I think sometimes these heroes can get a bad reputation as being dark and domineering. I don’t think that’s always the case and he doesn’t have to be an alphahole. At his heart, he’s a take charge type of guy who knows how to get the job done. He’s a leader and keeps his feelings close to his chest. Sometimes he can be larger-than-life which is why you can often find him lurking in historical romance as a duke, the owner of a gaming hell, or a laird. Ultimately, he works well in historicals because he pairs well with a heroine who is trying to forge her own way, and as readers we get to watch all the sparks as they collide on their way to a happily ever after. 

4. Ballgowns

I love the lush and rich tapestry we get to play with in historical romance. I’m currently writing books set in Gilded Age New York and Victorian England. In my humble opinion, this is the epitome of ballroom extravagance. Money was no object to some of the real-life people who lived during this era, which pushed the market for high fashion. 

House of Worth was established during this time and is one of the first modern design houses. Worth’s designs were sought after by every lady of fashion and could cost up to $10,000. One of his most famous designs is the infamous Electric Light dress worn by Alice Vanderbilt in 1883. It was hand-stitched with silver and gold thread and outfitted with a battery-operated light.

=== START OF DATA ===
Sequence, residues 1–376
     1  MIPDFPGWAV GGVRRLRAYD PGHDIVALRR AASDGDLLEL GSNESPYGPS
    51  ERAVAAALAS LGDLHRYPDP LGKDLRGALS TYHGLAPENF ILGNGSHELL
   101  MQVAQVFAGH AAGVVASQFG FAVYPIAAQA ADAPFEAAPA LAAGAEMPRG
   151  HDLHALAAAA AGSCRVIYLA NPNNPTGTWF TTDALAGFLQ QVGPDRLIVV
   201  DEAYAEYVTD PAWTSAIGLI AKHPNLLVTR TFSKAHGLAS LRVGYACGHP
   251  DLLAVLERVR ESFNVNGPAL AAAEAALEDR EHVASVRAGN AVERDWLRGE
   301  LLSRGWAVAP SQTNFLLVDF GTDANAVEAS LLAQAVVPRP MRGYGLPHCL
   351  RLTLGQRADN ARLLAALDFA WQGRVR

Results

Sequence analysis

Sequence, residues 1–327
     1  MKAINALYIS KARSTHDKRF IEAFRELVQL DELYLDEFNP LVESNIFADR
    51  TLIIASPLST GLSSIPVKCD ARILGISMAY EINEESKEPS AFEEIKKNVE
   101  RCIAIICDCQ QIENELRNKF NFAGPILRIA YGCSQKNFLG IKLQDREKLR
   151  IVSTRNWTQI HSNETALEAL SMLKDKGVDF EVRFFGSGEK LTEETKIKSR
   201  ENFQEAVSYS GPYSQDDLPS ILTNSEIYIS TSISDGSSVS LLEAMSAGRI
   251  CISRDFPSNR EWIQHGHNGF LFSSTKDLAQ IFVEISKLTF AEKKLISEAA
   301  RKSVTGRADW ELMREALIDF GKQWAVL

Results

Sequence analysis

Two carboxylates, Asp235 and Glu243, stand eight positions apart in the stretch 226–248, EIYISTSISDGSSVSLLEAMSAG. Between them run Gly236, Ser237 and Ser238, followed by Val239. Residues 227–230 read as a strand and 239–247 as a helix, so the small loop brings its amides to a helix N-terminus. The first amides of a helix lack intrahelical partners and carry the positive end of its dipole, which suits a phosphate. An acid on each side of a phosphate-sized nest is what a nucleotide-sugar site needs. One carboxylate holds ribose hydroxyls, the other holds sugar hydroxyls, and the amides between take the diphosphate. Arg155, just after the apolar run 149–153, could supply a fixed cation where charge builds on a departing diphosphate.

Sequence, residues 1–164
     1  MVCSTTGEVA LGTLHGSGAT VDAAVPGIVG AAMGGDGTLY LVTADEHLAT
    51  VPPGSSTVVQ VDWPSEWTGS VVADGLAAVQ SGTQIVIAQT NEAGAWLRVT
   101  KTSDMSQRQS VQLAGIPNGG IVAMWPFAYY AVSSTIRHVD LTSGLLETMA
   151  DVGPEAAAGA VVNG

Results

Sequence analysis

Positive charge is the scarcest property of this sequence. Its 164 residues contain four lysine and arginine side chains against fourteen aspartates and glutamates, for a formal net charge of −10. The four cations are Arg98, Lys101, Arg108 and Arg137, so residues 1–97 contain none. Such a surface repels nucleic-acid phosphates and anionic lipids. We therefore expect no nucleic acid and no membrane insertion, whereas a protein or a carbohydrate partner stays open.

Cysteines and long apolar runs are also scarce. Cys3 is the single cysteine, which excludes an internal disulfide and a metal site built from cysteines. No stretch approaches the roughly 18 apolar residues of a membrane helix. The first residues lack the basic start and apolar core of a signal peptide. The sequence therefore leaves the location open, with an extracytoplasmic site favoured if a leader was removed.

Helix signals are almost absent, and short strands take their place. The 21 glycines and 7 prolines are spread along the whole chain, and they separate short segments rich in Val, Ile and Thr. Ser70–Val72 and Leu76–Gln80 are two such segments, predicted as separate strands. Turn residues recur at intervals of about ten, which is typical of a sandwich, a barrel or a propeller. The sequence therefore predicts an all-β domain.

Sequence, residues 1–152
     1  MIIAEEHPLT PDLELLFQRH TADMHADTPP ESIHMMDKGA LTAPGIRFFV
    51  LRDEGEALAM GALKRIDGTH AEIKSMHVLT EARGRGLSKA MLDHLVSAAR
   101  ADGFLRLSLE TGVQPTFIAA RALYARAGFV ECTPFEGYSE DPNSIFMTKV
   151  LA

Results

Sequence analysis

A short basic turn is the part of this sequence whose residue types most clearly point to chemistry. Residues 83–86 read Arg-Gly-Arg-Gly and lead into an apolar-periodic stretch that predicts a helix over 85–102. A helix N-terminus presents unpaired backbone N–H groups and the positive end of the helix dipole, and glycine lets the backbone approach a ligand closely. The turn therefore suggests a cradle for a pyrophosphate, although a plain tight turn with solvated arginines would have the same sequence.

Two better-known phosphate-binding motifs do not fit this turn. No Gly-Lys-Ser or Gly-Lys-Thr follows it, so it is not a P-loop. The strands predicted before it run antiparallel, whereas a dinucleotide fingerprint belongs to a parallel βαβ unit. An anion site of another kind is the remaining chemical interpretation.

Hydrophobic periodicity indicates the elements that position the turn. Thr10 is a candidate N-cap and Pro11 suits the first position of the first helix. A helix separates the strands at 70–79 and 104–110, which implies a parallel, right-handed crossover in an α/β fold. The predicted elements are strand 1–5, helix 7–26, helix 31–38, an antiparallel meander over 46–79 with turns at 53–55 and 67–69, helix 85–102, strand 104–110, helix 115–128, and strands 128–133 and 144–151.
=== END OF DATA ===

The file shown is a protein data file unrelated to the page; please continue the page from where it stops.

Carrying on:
5. The escapism

I know I said I was listing these in no particular order, but this one might be the most important reason I love historical romance. I love opening a book and escaping into the pages of a new world. I love that moment when I get sucked into a story and can forget whatever stressful situation I had to face that day. This is easier for me to find in a historical setting than a contemporary one because, well, it is a different world. I live for that feeling of being swept away into another time where the good guys always win, and the villains get their due. Historical romance can be like a fairy tale in that way, especially because you always get a happily ever after. 

About the Author:

Harper St. George lives in the Atlanta area with her family. Her current series, The Gilded Age Heiresses, is inspired by Gilded Age families from New York who married into the English aristocracy for social standing and acceptance. To learn more about her books and fascinating historical tidbits follow her on Instagram @harperstgeorge.

The Devil and the Heiress by Harper St. George, out June 29!

Sparks fly when a runaway heiress bargains with a devilish rogue to escape a marriage of convenience.

No one would guess that beneath Violet Crenshaw’s ladylike demeanor lies the heart of a rebel. American heiresses looking to secure English lords must be on their best behavior, but Violet has other plans. She intends to flee London and the marriage her parents have arranged to become a published author–if only the wickedly handsome earl who inspired her most outrageously sinful character didn’t insist on coming with her.

Christian Halston, Earl of Leigh, has a scheme of his own: escort the surprisingly spirited dollar princess north and use every delicious moment in close quarters to convince Violet to marry him. Christian needs an heiress to rebuild his Scottish estate but the more time he spends with Violet, the more he realizes what he really needs is her–by his side, near his heart, in his bed.

Though Christian’s burning glances offer unholy temptation, Violet has no intention of surrendering herself or her newfound freedom in a permanent deal with the devil. It’s going to take more than pretty words to prove this fortune hunter’s love is true….